The idea of men being providers for their families – which connected men to women through marriage, to their children and to society as a whole – has been central to male identity for thousands of years.
Women are now the principal providers in over 40% of American homes. This is inclusive of women in marriages that remain intact. For example, in nearly half of families in which both parents have full-time jobs, women earn more than men. This leaves some men alienated and adrift. Society judges men by their ability to be providers. Men’s inability to serve as providers puts their marriages – and their ability to enter into marriage – at further risk. Men without jobs, marriages or close links to their families are prone to depression and to seek short-term rewards rather than broader fulfillment. Such men tend to have weak social support networks, poor health outcomes, substance abuse issues and elevated suicide rates.
Policies that attempt to help men and boys aren’t working.
In the past, “gender economics” addressed problems and inequalities women and girls suffered. But this approach often overlooked problems that stemmed from class and race. High earners tend to marry each other and combine their resources to benefit their children. The income difference between people at the high end of the income scale and ordinary workers has increased dramatically.
“Any serious attempt to improve rates of upward mobility or reduce economic inequality must take into account the specific challenges being faced by boys and men.”
Many social policies put in place to address inequality benefited women and girls but not low-income or Black boys and men. A program that provided college tuition for students in Kalamazoo, Michigan, for example, increased the number of young women completing college degrees by 45%, but did nothing for young men. The Stay the Course program in Fort Worth, Texas, intended to increase community college completion and the number of students moving on to university. The program tripled young women’s completion rates, but produced no change in men’s results. Similarly, a variety of worker-training programs across the United States that sought to increase employment rates and income showed a significant impact for participating women, but not for men. These examples illustrate that some young women appear to have benefited from policies in ways young men haven’t.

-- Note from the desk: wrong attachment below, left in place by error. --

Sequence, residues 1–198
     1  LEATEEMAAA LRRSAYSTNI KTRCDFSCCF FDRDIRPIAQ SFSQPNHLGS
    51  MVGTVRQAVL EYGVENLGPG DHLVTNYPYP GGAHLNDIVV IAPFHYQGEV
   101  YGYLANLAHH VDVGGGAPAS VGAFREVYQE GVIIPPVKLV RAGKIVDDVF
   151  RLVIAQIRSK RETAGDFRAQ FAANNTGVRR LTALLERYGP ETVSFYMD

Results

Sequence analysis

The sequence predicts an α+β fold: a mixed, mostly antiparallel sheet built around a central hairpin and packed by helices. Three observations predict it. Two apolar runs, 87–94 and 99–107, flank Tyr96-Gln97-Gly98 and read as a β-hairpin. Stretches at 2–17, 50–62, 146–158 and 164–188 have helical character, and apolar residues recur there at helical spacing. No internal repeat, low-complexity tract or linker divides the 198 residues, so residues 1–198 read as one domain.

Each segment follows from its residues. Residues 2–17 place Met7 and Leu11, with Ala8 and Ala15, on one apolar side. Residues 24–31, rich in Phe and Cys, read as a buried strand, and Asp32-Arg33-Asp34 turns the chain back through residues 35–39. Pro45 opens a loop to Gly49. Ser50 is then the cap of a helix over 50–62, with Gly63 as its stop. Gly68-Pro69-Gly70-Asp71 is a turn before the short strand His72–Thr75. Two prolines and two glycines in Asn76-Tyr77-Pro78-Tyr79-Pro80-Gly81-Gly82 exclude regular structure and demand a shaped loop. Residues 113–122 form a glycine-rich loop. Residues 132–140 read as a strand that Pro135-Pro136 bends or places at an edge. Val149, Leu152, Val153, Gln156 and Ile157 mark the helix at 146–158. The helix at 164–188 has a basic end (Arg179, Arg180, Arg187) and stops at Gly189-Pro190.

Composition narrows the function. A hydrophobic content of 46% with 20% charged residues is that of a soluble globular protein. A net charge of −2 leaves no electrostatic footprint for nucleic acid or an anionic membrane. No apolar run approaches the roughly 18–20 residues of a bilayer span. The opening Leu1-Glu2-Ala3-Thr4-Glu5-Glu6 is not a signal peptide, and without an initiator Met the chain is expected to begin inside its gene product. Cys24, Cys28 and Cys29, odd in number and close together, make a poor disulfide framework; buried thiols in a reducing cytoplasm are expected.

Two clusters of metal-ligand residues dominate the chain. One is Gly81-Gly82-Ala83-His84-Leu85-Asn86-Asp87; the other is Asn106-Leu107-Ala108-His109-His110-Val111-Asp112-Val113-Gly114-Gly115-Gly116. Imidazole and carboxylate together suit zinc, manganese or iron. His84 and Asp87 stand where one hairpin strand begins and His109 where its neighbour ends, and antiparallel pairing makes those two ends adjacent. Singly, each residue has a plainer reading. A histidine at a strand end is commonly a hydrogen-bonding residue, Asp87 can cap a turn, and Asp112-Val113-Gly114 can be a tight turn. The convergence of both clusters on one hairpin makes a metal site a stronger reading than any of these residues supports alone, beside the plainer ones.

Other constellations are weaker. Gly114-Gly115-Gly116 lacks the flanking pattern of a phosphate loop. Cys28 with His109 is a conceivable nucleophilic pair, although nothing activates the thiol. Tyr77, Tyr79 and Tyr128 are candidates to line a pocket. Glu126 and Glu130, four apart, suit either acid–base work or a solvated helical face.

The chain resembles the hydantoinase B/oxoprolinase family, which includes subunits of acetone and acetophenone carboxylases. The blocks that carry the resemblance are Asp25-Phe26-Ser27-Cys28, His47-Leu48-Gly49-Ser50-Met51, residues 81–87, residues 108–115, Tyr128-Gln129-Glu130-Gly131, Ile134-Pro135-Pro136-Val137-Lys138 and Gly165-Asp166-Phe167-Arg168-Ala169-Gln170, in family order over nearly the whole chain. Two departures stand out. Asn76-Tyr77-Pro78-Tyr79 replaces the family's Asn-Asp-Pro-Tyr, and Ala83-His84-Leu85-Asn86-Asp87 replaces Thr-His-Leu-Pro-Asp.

Political progressives pretend men and boys aren’t in crisis.
In 2018, at a high school in an affluent suburb of Washington, DC, a young man generated a list of his female classmates and ranked them by their level of attractiveness to him. His female classmates exposed the list; the young man was punished, and public protests began. Media attention on sexual harassment and “toxic masculinity” ensued, as did panel discussions on school culture.
“The incident at our high school highlights the first of four major failings of the political Left on issues related to boys and men, which is a tendency to pathologize naturally occurring aspects of masculine identity.”
Toxic masculinity is an invented concept hardly utilized prior to the #MeToo movement and Donald Trump’s presidency, but political progressives brought it into common use. The use of such a newly minted and poorly defined concept alienates and confuses many boys and men; and it does not aid in addressing significant issues. Progressives tend to deny the biology of gender differences and how those differences affect outcomes for boys and men. They also deny that gender inequalities are complex and can work against men, as well as women. The 2021 White House Gender Policy Council’s National Strategy on Gender Equity and Equality, for example, didn’t address any issues that apply specifically to boys and men.
Political conservatives want to return to an earlier era of masculinity and family life.
In a 2021 speech at the National Conservatism Conference, Republican Senator Josh Hawley blamed the issues boys and men must face on progressive ideologue’s efforts to undermine masculinity and its traditional values. Progressives play into the hands of conservatives such as Hawley when they pathologize masculinity as toxic.
“Conservatives have paid more attention than progressives to the growing problems faced by boys and men. But their agenda turns out to be equally unhelpful.”